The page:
Running on Empty-
Megan Reniewicki

Everyone knows a female who participates in sport; if not you, a daughter, sister or friend. She started out competing for love and fun of the game. But slowly that changed. She began to feel the pressure to succeed. She steps up to the line, into the blocks, onto the mat comparing herself, thinking, if only she lost those 2, 5, or 10+lbs she could achieve her goals, look more like the competitors around her. Fit the mold of an elite. This narrative manifests itself in far too many female athletes. One where body image and weight are harshly linked to one's potential for success rather than their actual talent, fitness, or strength.

Along with this ideology comes a multitude of mental and health problems such as disordered eating, premature bone loss, and nearly 70% of female athletes have experienced some form of athletic amenorrhea or period loss. The concept of the Female Athlete Triad explains these harmful effects to include the following: Eating disorders, which include fasting, exclusion of certain foods or food groups, use of diet aids or laxatives, bulimia and anorexia. Irregular menstruation, including the absence of a period, called amenorrhea, or the delayed onset of menstruation. Premature bone loss, a phenomenon that may lead to stress fractures and the early onset of osteoporosis.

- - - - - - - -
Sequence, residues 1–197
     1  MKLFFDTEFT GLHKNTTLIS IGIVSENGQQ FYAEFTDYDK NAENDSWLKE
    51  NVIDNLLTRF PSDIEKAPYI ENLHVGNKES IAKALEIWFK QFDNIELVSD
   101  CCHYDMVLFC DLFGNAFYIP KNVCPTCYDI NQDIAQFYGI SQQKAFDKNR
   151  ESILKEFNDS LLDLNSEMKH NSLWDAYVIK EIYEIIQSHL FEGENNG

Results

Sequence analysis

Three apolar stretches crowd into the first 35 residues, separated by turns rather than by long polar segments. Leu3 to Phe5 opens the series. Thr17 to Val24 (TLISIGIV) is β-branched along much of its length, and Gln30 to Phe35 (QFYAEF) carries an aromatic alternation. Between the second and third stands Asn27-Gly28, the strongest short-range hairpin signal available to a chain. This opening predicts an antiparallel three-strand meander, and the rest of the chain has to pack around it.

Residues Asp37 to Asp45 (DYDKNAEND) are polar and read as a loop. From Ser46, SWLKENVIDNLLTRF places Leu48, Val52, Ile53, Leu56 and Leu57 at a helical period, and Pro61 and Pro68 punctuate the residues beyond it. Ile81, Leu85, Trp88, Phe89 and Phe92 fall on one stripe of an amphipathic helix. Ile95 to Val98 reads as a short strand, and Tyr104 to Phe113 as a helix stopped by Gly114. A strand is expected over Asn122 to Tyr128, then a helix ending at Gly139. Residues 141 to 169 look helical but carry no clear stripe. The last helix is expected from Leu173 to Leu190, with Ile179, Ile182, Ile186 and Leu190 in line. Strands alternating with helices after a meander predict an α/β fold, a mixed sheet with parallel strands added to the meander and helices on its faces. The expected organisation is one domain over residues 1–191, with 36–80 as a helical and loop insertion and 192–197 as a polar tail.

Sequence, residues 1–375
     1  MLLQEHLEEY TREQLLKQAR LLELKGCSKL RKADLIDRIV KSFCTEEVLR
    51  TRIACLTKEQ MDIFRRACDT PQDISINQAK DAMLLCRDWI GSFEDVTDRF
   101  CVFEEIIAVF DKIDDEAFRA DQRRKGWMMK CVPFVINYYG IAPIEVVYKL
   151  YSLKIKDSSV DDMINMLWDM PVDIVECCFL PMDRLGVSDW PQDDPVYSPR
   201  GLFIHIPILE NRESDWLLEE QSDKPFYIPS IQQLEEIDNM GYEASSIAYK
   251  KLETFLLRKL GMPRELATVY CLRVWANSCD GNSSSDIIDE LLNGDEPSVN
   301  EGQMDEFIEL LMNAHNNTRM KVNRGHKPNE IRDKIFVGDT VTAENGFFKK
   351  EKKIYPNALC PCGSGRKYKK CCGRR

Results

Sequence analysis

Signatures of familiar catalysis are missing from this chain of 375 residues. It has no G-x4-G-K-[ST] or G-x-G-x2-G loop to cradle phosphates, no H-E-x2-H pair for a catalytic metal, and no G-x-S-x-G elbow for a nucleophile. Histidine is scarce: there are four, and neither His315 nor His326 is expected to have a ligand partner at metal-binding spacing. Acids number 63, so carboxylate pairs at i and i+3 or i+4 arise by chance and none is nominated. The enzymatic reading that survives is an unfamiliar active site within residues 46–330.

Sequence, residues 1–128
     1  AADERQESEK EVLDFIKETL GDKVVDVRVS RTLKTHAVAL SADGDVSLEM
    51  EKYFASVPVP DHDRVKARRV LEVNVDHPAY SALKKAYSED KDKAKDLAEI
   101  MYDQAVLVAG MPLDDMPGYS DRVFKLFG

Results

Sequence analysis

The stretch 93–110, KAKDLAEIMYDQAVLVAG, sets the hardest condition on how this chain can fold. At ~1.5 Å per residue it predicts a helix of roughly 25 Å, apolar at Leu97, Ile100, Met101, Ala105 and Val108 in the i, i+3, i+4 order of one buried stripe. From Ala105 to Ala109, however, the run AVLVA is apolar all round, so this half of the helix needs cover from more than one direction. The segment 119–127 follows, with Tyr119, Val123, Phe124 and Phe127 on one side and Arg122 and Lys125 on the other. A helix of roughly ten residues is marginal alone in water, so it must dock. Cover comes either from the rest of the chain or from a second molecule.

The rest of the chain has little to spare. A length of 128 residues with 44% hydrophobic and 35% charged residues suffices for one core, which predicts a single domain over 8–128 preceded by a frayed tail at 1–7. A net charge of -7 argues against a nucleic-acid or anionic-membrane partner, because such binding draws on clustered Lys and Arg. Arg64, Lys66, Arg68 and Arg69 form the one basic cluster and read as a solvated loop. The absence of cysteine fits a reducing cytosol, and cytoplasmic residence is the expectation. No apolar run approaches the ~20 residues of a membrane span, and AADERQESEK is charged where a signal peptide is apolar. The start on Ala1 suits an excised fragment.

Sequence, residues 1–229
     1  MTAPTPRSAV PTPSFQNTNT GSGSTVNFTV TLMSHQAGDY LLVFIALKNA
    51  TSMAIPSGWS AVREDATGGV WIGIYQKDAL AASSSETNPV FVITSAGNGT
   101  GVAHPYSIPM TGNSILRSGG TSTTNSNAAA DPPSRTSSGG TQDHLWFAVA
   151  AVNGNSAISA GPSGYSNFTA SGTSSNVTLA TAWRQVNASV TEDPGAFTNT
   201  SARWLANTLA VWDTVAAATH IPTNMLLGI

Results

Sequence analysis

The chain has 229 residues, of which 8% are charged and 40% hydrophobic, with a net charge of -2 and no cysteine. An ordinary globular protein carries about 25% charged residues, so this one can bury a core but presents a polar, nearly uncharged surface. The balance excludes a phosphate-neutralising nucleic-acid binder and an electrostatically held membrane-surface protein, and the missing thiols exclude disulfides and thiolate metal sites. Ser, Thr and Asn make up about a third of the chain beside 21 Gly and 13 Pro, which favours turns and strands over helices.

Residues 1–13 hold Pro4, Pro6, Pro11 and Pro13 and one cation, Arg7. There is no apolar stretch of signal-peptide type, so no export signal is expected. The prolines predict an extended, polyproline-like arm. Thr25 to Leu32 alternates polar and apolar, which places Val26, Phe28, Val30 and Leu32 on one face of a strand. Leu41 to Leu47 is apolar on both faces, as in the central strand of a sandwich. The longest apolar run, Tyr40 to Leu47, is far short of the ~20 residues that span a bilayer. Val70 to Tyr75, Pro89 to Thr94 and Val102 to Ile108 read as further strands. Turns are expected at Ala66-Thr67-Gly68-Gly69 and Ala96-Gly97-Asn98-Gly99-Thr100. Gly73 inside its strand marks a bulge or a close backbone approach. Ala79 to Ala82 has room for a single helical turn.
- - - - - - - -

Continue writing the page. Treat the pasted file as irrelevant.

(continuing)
What needs to happen is a change in the culture of female sport, because a culture like this creates physical damage and lasting mental health issues. But change only happens if we speak out. The conversation needs to be opened up in female athletics, it is imperative to let those who are struggling under the pressure of performance and perfection know that they are not alone. Now is the time for female athletes to adapt to a healthier mindset, acknowledging that those standards are not what should be held in esteem but rather be empowered by what their bodies have allowed them to achieve and truly celebrate their femininity.

Exhibition Booklet